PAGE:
Arbitrary arrests led to a constant steam of irate visitors to the War Department and the White House, with mixed results. It was one thing to arrest people on the flimsiest of suspicions in Secessia, but the practice, along with trial by military commissions, was common in loyal states as well. When Iowa congressman John Kasson got thrown out of Stanton’s office after complaining about arrests, he went to the floor of the House, where he “let loose my denunciations of his [Stanton’s] willful and arbitrary action, for which I denied the responsibility of President Lincoln; and in support of the President, related an instance, in my personal experience, of his disobedience to his chief.” Lincoln evidently liked what he said, because “the next time I saw Mr. Lincoln, I remember well his change of manner to me. He showed his gratification in his peculiar and familiar manner, by his twinkling eyes, and by his slapping me on the thigh, as I thought quite unnecessarily.” Yet the arrests and tribunals continued until the end of the war. Either we must conclude that Lincoln had no control over his secretary of war violating his countrymen’s civil rights, or—which I think more likely—he approved because he thought it necessary. In this case Kasson (a strong Lincoln supporter) did exactly as Lincoln would have liked—blaming Stanton but absolving his boss, just as modern historians have generally done.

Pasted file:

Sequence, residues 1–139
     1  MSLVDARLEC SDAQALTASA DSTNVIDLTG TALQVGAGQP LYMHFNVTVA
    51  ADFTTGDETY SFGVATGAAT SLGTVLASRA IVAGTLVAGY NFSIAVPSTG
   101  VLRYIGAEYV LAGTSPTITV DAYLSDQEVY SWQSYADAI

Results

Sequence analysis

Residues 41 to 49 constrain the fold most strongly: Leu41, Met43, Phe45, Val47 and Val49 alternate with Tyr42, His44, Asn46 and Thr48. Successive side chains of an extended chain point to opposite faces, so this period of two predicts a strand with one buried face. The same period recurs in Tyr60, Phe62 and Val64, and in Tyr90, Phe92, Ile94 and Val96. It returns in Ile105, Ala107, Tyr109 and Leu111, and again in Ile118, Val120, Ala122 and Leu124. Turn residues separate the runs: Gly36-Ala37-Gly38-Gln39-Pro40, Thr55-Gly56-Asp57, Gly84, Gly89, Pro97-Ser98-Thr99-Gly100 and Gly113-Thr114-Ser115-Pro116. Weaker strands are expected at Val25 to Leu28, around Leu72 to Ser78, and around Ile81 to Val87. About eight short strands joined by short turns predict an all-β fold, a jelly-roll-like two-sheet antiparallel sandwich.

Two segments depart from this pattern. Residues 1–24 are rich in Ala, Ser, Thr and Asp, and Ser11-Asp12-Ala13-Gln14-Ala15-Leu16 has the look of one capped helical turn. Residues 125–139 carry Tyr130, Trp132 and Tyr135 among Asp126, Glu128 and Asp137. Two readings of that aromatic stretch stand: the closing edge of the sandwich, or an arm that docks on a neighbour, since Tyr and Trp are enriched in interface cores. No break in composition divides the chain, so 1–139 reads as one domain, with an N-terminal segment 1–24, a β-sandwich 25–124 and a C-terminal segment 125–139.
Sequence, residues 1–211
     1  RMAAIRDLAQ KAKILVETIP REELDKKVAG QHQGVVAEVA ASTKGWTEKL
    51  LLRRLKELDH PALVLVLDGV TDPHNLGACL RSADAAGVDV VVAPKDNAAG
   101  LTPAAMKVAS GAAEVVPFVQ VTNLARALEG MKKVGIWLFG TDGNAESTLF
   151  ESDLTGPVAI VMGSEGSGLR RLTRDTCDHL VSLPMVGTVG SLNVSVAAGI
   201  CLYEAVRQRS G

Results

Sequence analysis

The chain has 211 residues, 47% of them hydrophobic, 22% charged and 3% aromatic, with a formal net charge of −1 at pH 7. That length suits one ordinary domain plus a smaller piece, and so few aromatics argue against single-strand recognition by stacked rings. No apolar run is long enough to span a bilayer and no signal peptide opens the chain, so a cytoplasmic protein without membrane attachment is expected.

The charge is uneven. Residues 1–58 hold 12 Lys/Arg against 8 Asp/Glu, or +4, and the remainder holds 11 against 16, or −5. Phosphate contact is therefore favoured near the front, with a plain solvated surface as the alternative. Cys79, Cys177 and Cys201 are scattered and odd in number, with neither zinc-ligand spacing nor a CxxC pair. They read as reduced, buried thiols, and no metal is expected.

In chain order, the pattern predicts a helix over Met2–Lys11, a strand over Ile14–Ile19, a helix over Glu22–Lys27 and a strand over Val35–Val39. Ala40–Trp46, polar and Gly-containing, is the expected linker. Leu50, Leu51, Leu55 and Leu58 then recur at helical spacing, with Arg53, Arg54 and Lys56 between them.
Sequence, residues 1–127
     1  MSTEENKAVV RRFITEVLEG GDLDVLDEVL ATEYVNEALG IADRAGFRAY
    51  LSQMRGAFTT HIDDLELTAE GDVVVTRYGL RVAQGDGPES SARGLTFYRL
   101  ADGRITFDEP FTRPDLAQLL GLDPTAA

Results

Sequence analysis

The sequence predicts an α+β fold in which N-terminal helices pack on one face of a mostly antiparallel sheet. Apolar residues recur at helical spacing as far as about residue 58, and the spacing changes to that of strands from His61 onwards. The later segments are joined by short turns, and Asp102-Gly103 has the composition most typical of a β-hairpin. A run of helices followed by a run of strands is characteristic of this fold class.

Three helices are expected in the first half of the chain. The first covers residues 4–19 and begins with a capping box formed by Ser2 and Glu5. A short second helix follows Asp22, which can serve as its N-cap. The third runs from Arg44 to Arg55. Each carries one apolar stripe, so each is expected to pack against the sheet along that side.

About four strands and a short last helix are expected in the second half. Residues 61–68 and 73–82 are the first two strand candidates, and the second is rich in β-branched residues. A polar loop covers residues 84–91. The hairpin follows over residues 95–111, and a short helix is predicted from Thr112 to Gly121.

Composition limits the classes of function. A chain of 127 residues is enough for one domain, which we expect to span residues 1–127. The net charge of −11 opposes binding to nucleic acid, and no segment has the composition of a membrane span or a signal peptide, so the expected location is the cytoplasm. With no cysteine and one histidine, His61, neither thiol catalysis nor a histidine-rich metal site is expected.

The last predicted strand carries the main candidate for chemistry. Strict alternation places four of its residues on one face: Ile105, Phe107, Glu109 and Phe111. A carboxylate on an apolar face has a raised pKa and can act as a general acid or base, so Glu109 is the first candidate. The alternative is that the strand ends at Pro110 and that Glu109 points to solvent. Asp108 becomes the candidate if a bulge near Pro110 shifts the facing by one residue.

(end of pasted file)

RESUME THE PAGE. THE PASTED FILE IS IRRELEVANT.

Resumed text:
One can see the same pattern with the various implementations of the harsh war policy—Lincoln tries to publicly distance himself from the unpleasant realities as much as possible, but allows them to proceed. He promotes generals like Grant and Sherman who conducted a harsh war while demoting or sidelining those like McClellan, Buell, and (to some extent) Halleck, who advocated reconciliation.
What are we to make of Lincoln? To read both his biographies and military histories, there seem to be two men—one the distant, somewhat distracted humanitarian who was unaware of much of what went on, constantly resisting the harsh demands of his generals (if only Mr. Lincoln knew!); the other the savvy, hands-on politician intimately concerned with the running of the war. I think the second more likely, and I will have more to say about this when I finally review some of the new books on guerilla war.